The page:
This year is also exciting because we are making strides towards inclusivity. Writers of color can fairly claim frustration with VIDA in the past few Counts for making them repeat the same old lines about "Where is the Writers of Color Count?" It's more complicated than just doing it or not doing it – beyond the question of work-hours (we're an all-volunteer organization, as you know!), there's the issue of how writers identify themselves, and whether or not they want to be identified, & etc. But I think the point has been made that people feel the need for a Writers of Color Count in the same way that women felt the need for the original VIDA Count, and we have been talking seriously about how to make that happen.

The last part of your question – the meaning of inclusive feminism – is really interesting to me, and I don't want to lose sight of it. Simply put, I see it as the widening of our personal definitions to make space for the needs of others. It always makes me sad when I hear about women saying they don't view themselves as feminists because that term has somehow left them feeling ostracized – especially since, to me, all feminism really is is the belief that women and men are equals, and that women deserve equal rights and opportunities. So simple! It's for everyone! It's even for men!

But to be truly inclusive (to *trans men & women, to women of color, to people who have, as I say, felt themselves pushed outside of what they view as the feminist sphere) I do think we need to spend time listening to how people feel, and absorbing some of the genuine frustrations and fears that people have related to feminism. I don't mean that we need to back down, or change/lessen our commitment to broad equality, but perhaps just approach conversations with less cynicism about our interlocutors. (And believe me, this is an ongoing challenge to myself as much as to anyone.)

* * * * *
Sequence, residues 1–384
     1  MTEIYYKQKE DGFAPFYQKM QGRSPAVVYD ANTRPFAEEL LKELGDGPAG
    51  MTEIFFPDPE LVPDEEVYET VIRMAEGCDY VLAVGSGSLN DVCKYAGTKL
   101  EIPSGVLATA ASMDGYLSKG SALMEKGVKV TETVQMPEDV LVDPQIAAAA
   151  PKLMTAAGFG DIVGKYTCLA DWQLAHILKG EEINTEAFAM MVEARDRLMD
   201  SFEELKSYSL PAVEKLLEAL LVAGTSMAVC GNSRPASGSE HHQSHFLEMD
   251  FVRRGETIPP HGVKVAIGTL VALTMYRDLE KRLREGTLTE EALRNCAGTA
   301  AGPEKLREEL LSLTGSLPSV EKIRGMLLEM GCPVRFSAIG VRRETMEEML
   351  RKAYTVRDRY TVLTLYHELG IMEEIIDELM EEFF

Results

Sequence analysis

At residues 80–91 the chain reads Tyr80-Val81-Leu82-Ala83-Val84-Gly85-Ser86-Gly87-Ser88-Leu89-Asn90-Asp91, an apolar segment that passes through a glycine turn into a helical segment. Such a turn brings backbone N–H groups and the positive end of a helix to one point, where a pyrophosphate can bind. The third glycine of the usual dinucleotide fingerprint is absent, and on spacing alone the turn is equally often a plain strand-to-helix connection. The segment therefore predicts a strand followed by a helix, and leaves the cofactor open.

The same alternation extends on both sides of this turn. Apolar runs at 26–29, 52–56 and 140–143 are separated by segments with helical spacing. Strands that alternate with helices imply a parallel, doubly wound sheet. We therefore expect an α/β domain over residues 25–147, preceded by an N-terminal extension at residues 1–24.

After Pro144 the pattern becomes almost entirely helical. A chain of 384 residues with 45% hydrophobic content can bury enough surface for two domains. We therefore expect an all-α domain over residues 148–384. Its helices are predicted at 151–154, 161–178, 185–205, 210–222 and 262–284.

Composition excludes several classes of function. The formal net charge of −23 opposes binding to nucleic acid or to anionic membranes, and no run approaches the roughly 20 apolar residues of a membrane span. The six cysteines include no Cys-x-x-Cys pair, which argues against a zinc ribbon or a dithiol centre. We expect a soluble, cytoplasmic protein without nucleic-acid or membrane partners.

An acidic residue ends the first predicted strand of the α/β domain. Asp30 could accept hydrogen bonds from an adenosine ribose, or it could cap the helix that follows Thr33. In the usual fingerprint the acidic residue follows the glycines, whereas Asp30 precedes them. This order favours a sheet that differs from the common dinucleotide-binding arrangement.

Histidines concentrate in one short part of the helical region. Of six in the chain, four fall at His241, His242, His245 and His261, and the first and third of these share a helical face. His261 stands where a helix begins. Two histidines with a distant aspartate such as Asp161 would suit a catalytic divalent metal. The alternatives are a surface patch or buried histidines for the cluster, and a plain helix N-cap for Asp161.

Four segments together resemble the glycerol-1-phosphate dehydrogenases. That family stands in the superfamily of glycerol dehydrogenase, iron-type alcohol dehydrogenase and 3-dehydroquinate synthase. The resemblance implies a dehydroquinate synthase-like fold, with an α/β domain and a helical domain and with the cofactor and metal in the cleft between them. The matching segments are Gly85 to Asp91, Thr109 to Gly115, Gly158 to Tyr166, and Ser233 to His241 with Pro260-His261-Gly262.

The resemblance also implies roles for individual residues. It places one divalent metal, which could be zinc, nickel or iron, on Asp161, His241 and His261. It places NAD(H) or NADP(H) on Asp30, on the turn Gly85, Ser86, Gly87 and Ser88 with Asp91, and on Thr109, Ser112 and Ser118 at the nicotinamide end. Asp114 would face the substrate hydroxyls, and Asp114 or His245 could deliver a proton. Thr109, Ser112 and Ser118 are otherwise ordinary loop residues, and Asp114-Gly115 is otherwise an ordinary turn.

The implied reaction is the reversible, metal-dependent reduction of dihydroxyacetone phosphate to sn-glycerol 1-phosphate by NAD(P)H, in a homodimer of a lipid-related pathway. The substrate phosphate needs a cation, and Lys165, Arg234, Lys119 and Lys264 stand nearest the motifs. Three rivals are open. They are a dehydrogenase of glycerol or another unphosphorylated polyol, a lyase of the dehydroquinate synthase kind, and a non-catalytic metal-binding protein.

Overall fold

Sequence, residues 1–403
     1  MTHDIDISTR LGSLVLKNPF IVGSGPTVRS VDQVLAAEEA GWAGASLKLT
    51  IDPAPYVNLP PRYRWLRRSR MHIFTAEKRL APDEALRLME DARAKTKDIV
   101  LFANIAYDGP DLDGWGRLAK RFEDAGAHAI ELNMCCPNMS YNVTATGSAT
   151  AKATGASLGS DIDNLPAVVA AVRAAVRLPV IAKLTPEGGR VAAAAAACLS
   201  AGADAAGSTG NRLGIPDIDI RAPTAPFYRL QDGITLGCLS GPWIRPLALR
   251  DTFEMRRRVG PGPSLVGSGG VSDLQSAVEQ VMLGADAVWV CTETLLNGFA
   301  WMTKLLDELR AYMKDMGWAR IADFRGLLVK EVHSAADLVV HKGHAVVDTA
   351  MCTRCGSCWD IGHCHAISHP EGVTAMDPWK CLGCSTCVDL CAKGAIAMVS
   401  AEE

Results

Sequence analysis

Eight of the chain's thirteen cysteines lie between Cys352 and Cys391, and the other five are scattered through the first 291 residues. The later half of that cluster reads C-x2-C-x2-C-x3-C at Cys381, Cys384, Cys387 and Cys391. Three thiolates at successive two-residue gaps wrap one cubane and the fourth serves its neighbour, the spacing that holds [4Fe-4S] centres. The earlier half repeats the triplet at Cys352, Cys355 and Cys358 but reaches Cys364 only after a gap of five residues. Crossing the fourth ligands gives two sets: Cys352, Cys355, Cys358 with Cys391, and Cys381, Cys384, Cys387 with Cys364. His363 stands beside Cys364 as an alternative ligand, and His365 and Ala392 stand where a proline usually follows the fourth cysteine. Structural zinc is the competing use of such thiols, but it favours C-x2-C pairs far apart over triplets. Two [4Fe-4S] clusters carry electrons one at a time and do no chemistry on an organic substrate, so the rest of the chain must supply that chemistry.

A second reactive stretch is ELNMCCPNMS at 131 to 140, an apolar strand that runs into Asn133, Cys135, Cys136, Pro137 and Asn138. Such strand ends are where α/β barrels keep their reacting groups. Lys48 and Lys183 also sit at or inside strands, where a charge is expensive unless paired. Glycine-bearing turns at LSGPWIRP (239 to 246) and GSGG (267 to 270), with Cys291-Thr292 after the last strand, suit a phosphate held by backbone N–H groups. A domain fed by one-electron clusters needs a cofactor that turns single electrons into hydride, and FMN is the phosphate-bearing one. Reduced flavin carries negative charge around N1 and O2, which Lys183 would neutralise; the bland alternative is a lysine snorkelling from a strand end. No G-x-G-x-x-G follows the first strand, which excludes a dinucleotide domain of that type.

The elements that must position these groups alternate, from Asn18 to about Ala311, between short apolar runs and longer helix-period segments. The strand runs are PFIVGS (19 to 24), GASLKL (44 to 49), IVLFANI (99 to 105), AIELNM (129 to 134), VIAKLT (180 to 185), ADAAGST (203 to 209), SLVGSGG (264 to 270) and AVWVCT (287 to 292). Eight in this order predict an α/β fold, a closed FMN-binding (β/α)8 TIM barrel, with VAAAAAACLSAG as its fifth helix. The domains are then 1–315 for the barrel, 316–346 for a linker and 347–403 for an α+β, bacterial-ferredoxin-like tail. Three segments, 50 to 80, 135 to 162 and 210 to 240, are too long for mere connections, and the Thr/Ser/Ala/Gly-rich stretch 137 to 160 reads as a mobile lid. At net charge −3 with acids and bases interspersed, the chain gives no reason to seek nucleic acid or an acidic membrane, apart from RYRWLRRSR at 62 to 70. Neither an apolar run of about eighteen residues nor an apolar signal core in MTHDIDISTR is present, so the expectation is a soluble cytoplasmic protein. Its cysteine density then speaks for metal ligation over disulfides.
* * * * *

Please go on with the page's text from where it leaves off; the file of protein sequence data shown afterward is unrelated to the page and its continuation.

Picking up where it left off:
SM: What question do you want to be asked?

AC: One great and extremely simple question is: "Why do you write?" I'm sure I'll get sick of answering this eventually, but what I find as I anticipate the publication of my first novel is that I'm newly excited by the prospect of connecting with readers. Being a writer has two distinct and equally important pleasures for me: the immersion in a new world, and the intimacy it offers between minds. Immersion I can do on my own, but intimacy requires other people.

As so many writers did, I grew up with a book in my hand, and so I learned early on that there is real pleasure to be found in losing yourself in another person's experience – you go deeper into your own mind by letting it converse with the deepest stuff of someone else's. Publishing a novel, then, feels like coming full circle: I've built a world of my own, and I get to offer it to readers. I get to share from the other side. I'm immensely grateful and rather humbled to be standing on the precipice of that new conversation.


Adrienne Celt is a writer and a comic artist living in Tucson, AZ. Her debut novel is forthcoming from Liveright Publishing (summer 2015), and her short fiction appears (or is forthcoming) in Esquire, The Kenyon Review, The Southeast Review, Blackbird, Carve Magazine, Gargoyle, and other places. Her comics, essays, and translations have appeared in The Rumpus, The Toast, Lemon Hound, Cerise Press, Hobart, and elsewhere. She publishes a weekly webcomic at

#Interview #fiction